The May 19 U.S. Holocaust Memorial Museum Cleveland Luncheon will feature two unusual aspects – an author-subject combination and a time capsule.
Wendy Holden, author of the 2015 book “Born Survivors: Three Young Mothers and Their Extraordinary Story of Courage, Defiance, and Hope,” will be a featured speaker.
“It’s been the greatest privilege of my life to write this book,” Holden said. “I think this will be the most important book I’ll ever write, historically.”
Her book depicts a rare subject: babies born in Nazi labor camps who were still alive when the camps were liberated.
Hana Berger Moran, one of the babies depicted in Holden’s book, will join her.
“That’s what’s so lovely about the whole process,” said Holden, who will be making her first visit to Cleveland. “You rarely have a living example next to you. It’s absolutely marvelous to have Hana with me on this occasion.
“People are moved to tears every time. They are so overwhelmed to meet with Hana and see this miracle right in front of them, this child that Hitler intended to kill.”
J. David Heller, luncheon co-chair and a leading donor with his $25,000 gift, said stories like Moran’s are part of the power of the event.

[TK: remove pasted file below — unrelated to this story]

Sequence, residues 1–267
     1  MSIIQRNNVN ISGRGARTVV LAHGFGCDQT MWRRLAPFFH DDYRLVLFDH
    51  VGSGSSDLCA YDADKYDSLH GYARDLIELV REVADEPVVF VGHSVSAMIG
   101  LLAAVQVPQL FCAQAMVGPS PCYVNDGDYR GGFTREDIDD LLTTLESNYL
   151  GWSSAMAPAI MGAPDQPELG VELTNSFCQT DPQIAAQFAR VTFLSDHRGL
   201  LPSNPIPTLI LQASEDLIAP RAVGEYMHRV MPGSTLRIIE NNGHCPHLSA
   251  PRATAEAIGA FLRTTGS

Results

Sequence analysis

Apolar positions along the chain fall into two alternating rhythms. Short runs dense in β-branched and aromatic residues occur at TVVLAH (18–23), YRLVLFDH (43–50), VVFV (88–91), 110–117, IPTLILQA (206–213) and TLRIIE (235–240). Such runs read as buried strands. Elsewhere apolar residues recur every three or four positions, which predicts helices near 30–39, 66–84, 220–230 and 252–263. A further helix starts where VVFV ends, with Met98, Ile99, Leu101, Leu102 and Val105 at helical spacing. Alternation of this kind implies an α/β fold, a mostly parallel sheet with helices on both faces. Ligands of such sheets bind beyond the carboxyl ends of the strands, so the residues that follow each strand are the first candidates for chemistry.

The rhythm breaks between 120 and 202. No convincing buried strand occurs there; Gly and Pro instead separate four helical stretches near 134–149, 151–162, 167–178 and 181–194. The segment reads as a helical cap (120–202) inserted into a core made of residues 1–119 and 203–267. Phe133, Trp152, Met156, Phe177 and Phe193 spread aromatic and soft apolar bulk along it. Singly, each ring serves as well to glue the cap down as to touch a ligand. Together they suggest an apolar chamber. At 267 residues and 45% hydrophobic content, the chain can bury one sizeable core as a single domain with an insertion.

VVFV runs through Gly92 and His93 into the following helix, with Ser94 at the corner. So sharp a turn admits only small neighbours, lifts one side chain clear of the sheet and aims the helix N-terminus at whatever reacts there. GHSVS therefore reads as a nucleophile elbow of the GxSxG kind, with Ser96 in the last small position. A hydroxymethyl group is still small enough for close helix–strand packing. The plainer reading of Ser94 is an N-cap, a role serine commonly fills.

“I am looking forward to hearing the miraculous story of survival that our speakers will tell and hope that members of our community who have not joined us in the past will do so this year,” Heller said.
Holden’s story, of course, has already been written, but the May 19 luncheon will also look to gather new stories. Jed Silberg, in the museum’s Midwest office, said that one of the museum’s major functions is to collect evidence and stories of the Holocaust.
Silberg said a time capsule would be created at the luncheon, featuring notes from Cleveland-area survivors. Silberg said he expects 100 Holocaust survivors among the roughly 500 people expected to attend. The capsule will be opened and their notes will be read at the museum’s 50th anniversary in 2043.
“It’s wonderful to have this many Holocaust survivors together, honoring them, letting them know that we’re not going to forget their stories and we’re not going to forget what they went through,” Silberg said.
Of course, the luncheon is also a fundraiser for the museum. The Cleveland Luncheon, one of several around the country, raised $350,000 last year.
“Our Cleveland community has been so supportive of the United States Holocaust Memorial Museum and (my wife) Becky and I are proud to be a small part of that,” Heller said. “Year in and year out, this luncheon brings the messages of remembrance and ‘never again’ to our community.”
Silberg said there would also be luncheons in Chicago, Los Angeles, New York, South Florida and Washington D.C.
“It is important that our generation continues to not only remember the victims of the Holocaust, but to also see the relevance of the Holocaust and the museum as a force to confront hatred in all of its forms,” Heller said.
Sara J. Bloomfield, a Shaker Heights resident, is director of the U.S. Holocaust Memorial Museum.
posted Cleveland Jewish News